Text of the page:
Me. Annoying the little sister.


Karin &...let's call her 'friend'.


Family again.


Mike and...how do I spell this?...Chatriani.


Christina & Jose Antonio.




When I was backpacking around the world, I stayed with various family friends and other people I'd never met before. Now it's me with a house in a backpacker destination and it's payback time. Jack on the left is the godson of a friend of my mums, travelling with John, a school friend. 18 years old. Man, that brings back memories...


Jose Antonio & Jorge


Olivier (told you I was going to post this photo...)


Rodrigo & Jose from the Zero Hotel -they left early to meet some girls. It wasn't a successful encounter.

Friday, 14 March 2008

Other People in Valparaiso

When I bother to check how people find this blog, I sometimes come across some other interesting sites. Yesterday, someone googled something like 'Cerro Concepcion, Bellavista, Alegre' and up came my blog. On the same search result page, there was also a blog from someone who spent just a few days in Valparaiso back in May of last year, but who wrote one of the best tourist entries about the city that I've read. Take a look here. It's great to read that someone really 'got' the city in such a short time.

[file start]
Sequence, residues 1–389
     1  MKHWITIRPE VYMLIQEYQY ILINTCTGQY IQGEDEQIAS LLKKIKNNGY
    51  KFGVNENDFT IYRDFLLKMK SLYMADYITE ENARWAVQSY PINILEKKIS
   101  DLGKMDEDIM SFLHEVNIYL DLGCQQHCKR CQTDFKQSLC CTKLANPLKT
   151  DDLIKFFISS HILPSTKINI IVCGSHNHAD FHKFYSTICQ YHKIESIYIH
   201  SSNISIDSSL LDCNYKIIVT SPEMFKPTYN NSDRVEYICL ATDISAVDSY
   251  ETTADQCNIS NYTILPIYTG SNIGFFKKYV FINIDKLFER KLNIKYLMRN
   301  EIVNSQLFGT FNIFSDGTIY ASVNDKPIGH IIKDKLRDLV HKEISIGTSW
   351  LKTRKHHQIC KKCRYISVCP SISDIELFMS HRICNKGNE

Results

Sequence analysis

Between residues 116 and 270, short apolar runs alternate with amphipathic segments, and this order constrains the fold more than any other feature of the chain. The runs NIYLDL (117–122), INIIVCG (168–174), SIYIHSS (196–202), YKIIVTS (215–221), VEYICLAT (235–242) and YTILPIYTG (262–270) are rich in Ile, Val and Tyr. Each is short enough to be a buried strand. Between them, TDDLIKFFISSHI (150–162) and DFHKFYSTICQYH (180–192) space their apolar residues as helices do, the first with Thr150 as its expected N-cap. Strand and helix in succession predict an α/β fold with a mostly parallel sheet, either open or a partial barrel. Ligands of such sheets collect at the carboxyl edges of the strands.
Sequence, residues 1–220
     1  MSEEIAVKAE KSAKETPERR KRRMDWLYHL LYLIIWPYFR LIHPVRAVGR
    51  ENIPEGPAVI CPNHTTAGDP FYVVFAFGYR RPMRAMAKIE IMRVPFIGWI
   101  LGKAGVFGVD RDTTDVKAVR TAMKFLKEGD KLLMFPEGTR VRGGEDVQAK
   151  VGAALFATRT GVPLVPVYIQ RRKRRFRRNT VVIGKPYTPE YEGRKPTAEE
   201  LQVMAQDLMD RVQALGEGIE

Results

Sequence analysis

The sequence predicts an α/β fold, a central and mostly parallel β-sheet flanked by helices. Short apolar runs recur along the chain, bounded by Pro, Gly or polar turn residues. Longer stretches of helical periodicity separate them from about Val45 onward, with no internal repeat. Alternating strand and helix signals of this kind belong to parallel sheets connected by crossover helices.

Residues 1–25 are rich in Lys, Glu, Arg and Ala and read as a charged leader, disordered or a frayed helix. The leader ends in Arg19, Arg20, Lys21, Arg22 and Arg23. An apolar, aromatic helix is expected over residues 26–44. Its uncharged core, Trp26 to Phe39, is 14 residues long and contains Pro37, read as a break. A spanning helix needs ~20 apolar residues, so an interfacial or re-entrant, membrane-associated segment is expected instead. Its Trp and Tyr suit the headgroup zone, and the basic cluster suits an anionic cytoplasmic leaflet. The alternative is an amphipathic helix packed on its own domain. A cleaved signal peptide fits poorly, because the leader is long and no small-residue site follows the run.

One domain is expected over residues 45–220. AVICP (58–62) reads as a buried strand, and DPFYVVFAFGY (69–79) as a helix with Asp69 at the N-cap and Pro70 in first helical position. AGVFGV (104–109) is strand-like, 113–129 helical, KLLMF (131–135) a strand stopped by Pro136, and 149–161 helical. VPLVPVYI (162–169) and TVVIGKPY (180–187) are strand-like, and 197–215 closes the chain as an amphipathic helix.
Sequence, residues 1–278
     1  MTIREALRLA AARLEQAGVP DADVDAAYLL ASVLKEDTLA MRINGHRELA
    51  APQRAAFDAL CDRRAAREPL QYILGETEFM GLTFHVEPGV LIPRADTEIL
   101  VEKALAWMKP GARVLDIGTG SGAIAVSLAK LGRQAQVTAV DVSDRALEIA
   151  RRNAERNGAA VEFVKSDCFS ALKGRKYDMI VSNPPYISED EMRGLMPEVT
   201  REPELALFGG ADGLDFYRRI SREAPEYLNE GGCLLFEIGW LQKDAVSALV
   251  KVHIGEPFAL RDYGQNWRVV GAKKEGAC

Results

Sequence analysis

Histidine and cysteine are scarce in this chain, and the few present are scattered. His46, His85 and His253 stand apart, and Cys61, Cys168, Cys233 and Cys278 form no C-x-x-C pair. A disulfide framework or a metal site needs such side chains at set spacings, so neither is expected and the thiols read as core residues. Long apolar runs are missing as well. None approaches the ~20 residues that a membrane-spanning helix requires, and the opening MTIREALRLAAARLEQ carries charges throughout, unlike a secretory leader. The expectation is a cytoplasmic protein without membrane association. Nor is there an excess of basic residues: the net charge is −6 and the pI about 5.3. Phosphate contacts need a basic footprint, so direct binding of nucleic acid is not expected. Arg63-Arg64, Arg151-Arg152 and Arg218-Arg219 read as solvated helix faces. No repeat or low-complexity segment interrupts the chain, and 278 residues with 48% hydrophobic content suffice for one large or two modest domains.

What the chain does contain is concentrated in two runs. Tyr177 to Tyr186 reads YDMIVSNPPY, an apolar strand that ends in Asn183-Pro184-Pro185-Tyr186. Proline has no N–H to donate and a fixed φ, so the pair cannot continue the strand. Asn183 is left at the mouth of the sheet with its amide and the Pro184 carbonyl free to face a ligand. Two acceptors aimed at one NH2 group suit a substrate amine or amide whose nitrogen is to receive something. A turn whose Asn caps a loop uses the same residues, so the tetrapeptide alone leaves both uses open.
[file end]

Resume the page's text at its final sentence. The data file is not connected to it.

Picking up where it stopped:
And here's a random photo from my collection to help you through the weekend.

Wednesday, 12 March 2008

Grafitti in Valparaiso

On the way down to the bank a few minutes ago, I came across this bit of stencil art. I don't think it's new but for some reason I've stepped over it dozens of times in the last year or so (it's on the floor in Pasaje Galvez/Fischer).

It reads: 'Don't let them murder us this May 21st'